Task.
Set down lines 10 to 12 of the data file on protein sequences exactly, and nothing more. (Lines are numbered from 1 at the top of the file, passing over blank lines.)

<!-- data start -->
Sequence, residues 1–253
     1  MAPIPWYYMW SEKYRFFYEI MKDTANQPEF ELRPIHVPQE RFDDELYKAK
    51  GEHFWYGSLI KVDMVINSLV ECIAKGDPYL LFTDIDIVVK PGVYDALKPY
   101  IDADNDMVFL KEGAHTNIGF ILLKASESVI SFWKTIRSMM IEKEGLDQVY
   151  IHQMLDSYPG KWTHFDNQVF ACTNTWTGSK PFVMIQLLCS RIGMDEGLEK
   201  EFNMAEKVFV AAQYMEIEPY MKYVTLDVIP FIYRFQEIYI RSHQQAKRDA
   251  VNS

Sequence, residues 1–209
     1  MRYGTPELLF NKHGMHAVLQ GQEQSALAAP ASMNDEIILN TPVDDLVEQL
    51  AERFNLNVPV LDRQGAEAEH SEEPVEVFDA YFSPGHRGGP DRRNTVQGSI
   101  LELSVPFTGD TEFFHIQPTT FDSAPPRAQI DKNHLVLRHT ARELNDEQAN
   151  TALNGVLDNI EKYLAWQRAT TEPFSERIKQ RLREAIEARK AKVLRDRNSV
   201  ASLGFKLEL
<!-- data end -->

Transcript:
    51  AERFNLNVPV LDRQGAEAEH SEEPVEVFDA YFSPGHRGGP DRRNTVQGSI
   101  LELSVPFTGD TEFFHIQPTT FDSAPPRAQI DKNHLVLRHT ARELNDEQAN
   151  TALNGVLDNI EKYLAWQRAT TEPFSERIKQ RLREAIEARK AKVLRDRNSV